by Chris Gacek
January 14, 2009
POSTION: Assistant Attorney General, Office of Legal Counsel
NOMINEE: Dawn Johnsen
Education: summa cum laude B.A. in economics and political science, Yale, 1983; J.D. Yale, 1986, Article & Book Review Editor, Yale Law Journal
Experience: law professor, Indiana University School of Law-Bloomington, 1998-present; Acting Assistant Attorney General, Office of Legal Counsel, United States Department
of Justice, Washington, D.C., 1997-1998; Deputy Assistant Attorney General, 1993-1996; Legal Director, National Abortion & Reproductive Rights Action League (currently
NARAL Pro-Choice America), Washington, D.C., 1988-1993; Law Clerk to the Honorable Richard D. Cudahy, United States Court of Appeals for the Seventh Circuit, Chicago, Illinois, 1986-1987
Clinton White House: From 1993 to 1998 she worked in the Office of Legal Counsel (OLC), including a stint as Acting Assistant Attorney General heading the OLC
Obama Campaign: After election, named to Obama transition’s Department of Justice Review Team.
Affiliations: American Constitution Society for Law and Policy, National Board Member; National Co-Chair of Project on The Constitution in the 21st Century; Co-Chair of Separation of Powers/Federalism Issue Group. NOTE: This group is the relatively new Leftist answer to the Federalist Society.
From her article on fetal rights:
“In recent years, however, courts and state legislatures have increasingly granted fetuses rights traditionally enjoyed by persons. Some of these recent ‘fetal rights’ differ radically from the initial legal recognition of the fetus in that they view the fetus as an entity independent from the pregnant woman with interests that are potentially hostile to hers.” D. Johnsen, “The Creation of Fetal Rights:…”, 95 YALE L.J. 599 (1986).
“Until recently, the law did not recognize the existence of the fetus except for a few very specific purposes.” D. Johnsen, “The Creation of Fetal Rights:…”, 95 YALE L.J. at 601.
“In thus treating the fetus, courts have glossed over crucial differences between fetuses and persons, and have lost sight of the interests that narrow legal recognition of the fetus traditionally has attempted to protect. They have ignored alternatives to equating the fetus with a person that would have more appropriately served their goals.” D. Johnsen, “The Creation of Fetal Rights:…”, 95 YALE L.J. at 610.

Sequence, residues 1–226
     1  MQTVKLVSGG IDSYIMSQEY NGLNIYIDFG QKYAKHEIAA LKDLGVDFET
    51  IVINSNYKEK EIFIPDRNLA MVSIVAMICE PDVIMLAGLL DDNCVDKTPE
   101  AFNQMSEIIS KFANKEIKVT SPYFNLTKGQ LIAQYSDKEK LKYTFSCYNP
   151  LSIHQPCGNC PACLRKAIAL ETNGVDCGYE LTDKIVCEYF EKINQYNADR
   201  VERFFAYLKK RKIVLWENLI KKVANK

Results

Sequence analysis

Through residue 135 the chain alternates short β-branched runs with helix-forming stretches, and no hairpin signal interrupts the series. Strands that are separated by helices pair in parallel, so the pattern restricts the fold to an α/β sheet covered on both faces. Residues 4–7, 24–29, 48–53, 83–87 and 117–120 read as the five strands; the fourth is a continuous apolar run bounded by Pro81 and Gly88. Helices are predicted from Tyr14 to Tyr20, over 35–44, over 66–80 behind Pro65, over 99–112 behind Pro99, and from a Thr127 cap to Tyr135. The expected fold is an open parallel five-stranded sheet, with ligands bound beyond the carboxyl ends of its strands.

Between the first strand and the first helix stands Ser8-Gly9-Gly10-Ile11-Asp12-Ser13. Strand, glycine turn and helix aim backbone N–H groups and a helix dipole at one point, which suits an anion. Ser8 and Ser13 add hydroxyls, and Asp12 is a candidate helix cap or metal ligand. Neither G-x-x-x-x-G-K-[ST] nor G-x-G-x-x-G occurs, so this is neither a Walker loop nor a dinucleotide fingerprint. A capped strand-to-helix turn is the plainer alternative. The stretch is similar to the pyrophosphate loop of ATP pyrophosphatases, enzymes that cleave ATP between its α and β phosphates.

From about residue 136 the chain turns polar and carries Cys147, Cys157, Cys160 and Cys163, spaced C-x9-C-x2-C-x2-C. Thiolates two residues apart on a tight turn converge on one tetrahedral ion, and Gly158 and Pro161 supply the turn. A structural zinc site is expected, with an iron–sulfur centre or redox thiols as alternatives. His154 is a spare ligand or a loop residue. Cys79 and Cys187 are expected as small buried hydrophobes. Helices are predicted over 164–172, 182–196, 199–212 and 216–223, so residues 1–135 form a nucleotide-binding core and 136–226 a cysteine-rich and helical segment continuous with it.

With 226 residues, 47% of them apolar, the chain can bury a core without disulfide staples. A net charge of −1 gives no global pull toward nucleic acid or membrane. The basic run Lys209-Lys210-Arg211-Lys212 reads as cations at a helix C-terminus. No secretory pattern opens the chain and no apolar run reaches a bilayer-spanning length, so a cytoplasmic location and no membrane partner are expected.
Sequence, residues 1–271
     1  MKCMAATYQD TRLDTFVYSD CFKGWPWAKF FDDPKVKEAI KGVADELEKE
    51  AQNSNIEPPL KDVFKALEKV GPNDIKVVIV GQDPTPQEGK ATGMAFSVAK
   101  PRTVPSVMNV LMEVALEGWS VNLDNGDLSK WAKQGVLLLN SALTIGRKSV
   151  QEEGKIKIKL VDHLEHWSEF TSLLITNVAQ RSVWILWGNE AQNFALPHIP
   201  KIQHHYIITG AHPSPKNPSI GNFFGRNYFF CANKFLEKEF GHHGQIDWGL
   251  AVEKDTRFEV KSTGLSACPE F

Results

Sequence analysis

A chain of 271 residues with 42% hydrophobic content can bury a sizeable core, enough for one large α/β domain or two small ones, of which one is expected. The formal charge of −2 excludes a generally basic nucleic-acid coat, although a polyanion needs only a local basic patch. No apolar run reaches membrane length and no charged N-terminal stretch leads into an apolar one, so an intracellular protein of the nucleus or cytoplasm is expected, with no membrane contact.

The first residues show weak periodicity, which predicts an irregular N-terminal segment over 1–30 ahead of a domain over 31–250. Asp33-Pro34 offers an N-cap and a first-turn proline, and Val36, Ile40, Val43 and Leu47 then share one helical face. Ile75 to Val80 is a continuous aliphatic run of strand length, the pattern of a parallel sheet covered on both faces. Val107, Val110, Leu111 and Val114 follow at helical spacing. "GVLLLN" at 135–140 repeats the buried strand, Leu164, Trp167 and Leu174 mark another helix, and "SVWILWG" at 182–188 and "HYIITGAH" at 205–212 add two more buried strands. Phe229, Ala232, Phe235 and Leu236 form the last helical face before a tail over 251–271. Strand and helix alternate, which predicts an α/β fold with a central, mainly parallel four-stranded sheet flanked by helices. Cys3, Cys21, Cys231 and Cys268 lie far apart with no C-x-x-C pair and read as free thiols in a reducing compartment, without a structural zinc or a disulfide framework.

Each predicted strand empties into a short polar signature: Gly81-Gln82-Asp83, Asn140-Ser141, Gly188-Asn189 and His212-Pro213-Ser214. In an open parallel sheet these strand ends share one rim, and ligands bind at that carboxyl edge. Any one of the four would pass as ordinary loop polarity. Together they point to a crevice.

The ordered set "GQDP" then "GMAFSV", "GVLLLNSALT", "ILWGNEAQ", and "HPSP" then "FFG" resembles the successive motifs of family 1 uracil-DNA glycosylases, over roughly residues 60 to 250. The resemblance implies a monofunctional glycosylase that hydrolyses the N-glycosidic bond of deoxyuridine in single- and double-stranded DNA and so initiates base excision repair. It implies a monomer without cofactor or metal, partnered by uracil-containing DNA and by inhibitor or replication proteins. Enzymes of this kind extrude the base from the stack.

Granting rights to fetuses in a manner that conflicts with women’s autonomy reinforces the tradition of disadvantaging women on the basis of their reproductive capability. By subjecting women’s decisions and actions during pregnancy to judicial review, the state simultaneously questions women’s abilities and seizes women’s rights to make decisions essential to [*625] their very personhood. The rationale behind using fetal rights laws to control the actions of women during pregnancy is strikingly similar to that used in the past to exclude women from the paid labor force and to confine them to the “private” sphere.
D. Johnsen, “The Creation of Fetal Rights:…”, 95 YALE L.J. at 624-25.
On Alito Hearings:
We have squandered a rare opportunity for public education. The Senate’s focus on the formal status of Roe, while understandable, masks the extent to which the court has already gutted the right to choose and what the confirmation of Alito most immediately would mean for reproductive liberty.
D. Johnsen, Slate, “The Outer Shell: The hollowing out of Roe v. Wade,” Jan. 25, 2006.
On Reducing the Number of Abortions:
My point was that the kind of legislative initiatives that come out of the “Republican coalition” you were discussing does not actually accomplish a reduction in abortions. (And that the primary prochoice organizations do work hard toward that goal.) That may also well reveal that some (not all) such political forces are more interested in objectives other than reducing the number of abortions. Among them may be controlling the nature and understanding of motherhood and diminishing women’s equality and sexual freedom (and even where those are not objectives, they may provide strong influences). For the many who sincerely would like to reduce the number of abortions, that desire provides the basis for education about the true effects of the legislation and the possibility for instead forging common ground policies that promote pregnancy prevention and healthy childbearing.
D. Johnsen, Slate, “Reducing Abortions,” March 22, 2008.
In his book, Bearing Right, William Saletan notes that in the late 1980s, Dawn Johnsen and Marcy Wilder, top lawyers at NARAL, “drew a hard line on parental involvement” in abortion decisions. Saletan quotes an internal NARAL memo by Johnsen and Wilder: “In practice, both consent and notification laws amount to a parental veto power over a minor’s decision to an abortion. Do not, as part of an affirmative legislative strategy, introduce even a liberalized version of a parental consent or notification law.”
William Saletan, Bearing Right, p. 289 (Memo, Dawn Johnsen and Marcy Wilder to NARAL Staff and Consultatns, “Pro-Choice Legislative Strategy for Minor’s Access to Abortion Services,” 9/5/89).